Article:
How to fix Twitter embed in SharePoint

MFW another API just stops working without returning any errors

Twitter has always been good for developers, except for those who’d like to embed anything – hence making it possible to interact with Twitter’s contents on other sites than Twitter. I guess it’s understandable, but they seem to hate anyone trying to embed feeds, searches or anything on their sites. And they express their hate by making the developers’ lives more difficult… This time by silently breaking the embed script in a way, that’s tricky to work around.

The Problem

In February 2018, Twitter announced that their widgets will start rendering fallback markup on IE9 and IE10 “in the near future”. Since SharePoint 2013 and 2016 are locked in document mode of IE 10 (i.e. using IE on SharePoint sites causes the user agent to be roughly that of IE10), that means basically everyone, who’s using Twitter embeds on SharePoint, will be seeing empty Twitter embeds henceforth. Well, save for SharePoint Online users, since SharePoint Online renders in whatever mode Microsoft chooses that week.

Anyway – that change caused surprisingly small issues. Widgets still rendered, until roughly 2 weeks ago. We started getting reports of Twitter being utterly broken – the embed being completely empty without any fallback rendering whatsoever. What’s worse, the embed fails silently (the code looks like it just checks the user agent and ends the execution – thanks a lot, Twitter, much appreciated!)

What’s even worse, is that it applies to IE11 users, too – if they’re in SharePoint, or on a site that’s running in compatibility mode (such as all sites on “intranet” zone). And since IE seems to be most actively used in large organizations, especially on internal communication channels, Twitter just decided to block the majority of IE users in the world from accessing their service via embeds. 

Great job.

Luckily, there’s a dirty hack for this situation!

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How to show any page in a pop-up in SharePoint

This ages old trick deserves to be published – since it makes it easy to quickly show info from pretty much any another page on pretty much any classic SharePoint page (in a SharePoint-compatible pop-up). So, here goes:

Using SharePoint’s JavaScript library to open an arbitrary pop-up

Yes – SharePoint contains all the functionality out-of-the-box, and you almost don’t have to do anything yourself! Let’s see how this works.

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Opening a web part page in maintenance mode

SharePoint doesn't work as intended

Can’t access a web part page because of a broken web part? Yeah, that’s a classic issue – and it’s nicely ported into Modern world, too! In these cases, web part page maintenance mode comes in handy!

There’s a query parameter available for accessing it. For whatever reasons, it’s different for Classic and Modern mode, though. Why make things easy if you can make them dificult, right? 🙂  Continue reading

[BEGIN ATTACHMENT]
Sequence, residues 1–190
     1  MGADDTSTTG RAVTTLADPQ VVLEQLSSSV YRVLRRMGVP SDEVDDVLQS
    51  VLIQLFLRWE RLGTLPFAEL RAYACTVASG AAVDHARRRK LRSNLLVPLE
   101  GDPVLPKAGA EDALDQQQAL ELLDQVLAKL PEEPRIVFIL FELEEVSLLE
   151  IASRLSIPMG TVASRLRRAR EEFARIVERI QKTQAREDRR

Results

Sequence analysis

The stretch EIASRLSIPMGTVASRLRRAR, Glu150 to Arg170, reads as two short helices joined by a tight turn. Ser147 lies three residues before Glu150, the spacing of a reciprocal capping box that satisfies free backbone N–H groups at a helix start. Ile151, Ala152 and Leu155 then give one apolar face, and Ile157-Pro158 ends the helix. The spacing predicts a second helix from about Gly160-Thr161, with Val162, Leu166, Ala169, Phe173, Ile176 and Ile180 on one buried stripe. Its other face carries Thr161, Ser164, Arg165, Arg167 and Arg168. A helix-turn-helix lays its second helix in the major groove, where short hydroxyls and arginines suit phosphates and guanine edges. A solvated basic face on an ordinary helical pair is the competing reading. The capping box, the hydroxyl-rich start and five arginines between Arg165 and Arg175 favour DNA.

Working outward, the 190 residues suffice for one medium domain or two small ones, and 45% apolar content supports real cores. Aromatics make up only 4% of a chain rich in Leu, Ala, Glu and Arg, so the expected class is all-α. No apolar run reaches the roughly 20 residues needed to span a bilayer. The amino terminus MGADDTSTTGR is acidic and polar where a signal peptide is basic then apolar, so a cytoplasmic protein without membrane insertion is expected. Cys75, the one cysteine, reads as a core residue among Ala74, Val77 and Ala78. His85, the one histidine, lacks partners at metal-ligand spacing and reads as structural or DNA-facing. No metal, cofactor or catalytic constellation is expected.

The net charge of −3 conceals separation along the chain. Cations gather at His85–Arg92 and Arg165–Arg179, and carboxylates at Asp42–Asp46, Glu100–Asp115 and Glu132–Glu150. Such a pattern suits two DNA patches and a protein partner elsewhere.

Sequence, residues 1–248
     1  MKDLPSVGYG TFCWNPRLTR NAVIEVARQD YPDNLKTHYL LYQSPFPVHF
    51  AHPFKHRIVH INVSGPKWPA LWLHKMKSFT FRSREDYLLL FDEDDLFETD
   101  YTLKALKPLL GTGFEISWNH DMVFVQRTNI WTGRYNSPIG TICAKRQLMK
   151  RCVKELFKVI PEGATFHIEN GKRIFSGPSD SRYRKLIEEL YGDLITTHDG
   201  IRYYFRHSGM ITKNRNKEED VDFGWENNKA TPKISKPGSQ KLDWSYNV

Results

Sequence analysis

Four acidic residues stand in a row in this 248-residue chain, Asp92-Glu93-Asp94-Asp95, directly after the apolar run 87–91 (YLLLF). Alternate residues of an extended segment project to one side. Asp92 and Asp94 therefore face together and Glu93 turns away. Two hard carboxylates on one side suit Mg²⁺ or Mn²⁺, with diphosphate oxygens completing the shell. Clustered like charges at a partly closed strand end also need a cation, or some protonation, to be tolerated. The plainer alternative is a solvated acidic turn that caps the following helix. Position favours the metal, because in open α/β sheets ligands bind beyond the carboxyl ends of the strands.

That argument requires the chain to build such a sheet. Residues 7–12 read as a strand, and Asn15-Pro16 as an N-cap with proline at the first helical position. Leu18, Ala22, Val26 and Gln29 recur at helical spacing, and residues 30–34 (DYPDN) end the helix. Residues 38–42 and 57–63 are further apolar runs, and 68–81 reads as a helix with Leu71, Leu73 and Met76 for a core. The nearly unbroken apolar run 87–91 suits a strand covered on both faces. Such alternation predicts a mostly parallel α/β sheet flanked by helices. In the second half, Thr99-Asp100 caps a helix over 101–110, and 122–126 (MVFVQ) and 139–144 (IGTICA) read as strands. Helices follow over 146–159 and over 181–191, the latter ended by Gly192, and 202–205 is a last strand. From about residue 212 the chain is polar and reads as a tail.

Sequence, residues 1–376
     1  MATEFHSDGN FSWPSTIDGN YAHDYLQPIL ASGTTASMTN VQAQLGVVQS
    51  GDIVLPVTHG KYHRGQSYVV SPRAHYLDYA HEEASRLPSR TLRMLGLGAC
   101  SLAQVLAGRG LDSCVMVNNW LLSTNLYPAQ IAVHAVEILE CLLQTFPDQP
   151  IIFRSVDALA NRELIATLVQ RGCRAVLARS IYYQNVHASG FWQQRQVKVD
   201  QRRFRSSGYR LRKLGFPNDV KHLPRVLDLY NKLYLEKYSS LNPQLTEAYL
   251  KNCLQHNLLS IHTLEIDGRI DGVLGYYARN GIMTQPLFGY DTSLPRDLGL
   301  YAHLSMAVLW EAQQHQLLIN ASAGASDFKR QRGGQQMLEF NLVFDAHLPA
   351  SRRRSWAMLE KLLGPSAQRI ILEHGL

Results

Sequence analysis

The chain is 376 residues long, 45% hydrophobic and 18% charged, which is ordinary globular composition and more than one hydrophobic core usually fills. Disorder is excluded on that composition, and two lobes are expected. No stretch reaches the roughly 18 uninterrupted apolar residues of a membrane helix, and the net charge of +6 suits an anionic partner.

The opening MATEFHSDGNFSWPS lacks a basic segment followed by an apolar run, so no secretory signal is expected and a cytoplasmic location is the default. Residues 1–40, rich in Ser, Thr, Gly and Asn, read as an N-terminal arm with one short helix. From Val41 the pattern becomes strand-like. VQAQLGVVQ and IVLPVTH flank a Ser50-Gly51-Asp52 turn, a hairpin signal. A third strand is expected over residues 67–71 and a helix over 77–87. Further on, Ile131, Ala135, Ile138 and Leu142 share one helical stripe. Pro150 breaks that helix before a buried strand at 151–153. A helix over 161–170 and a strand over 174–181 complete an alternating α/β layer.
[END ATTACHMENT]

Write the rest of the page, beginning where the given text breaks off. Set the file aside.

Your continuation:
Troubleshooting: Anonymous access on a public SharePoint site collection failing

SharePoint vs. Anonymous

Ah, everyone’s favorite, classic topic! Debugging SharePoint On-Premises configuration issues is the best thing since sliced bread, right? This post is about allowing/enabling Anonymous Access to a site collection – a simple configuration, that “simply works” like once every ten times you try it.

Symptoms

A lot of different ways to hit your head on this one. In any case, your on-premises SharePoint doesn’t allow anonymous access to a site where you are trying to allow it. Most typically, they’ll just encounter 401 error when accessing the site, or they might be missing some of the content or styles, resulting in partially broken site.

Causes

Usually incorrect configuration or non-published resources. Multiple reasons can cause this, though, I’ll describe some of them below with the solutions.

Solutions

A lot of things to check – let’s go through all of the most typical issues here! Continue reading

Don’t remove the root site of your classic SharePoint Site Collection!

Let me explain SharePoint

A quick heads-up – if you remove the root site of your classic SharePoint Site Collection, that site’s going to be troublesome to deal with. Whereas you can always restore a normal site from the site collection recycle bin, the root site you can’t. You actually can’t access the recycle bin after removing the root site, nor can you make magic happen with PowerShell commandlets anymore.

Site Collection Recycle Bin

Site Collection Recycle Bin – where you could access your removed sites, if you still had the root site!

The Recycle Bin would be located at a URL like this: https://<yoursite>/_layouts/15/AdminRecycleBin.aspx, but after the site is removed, it won’t be there. 

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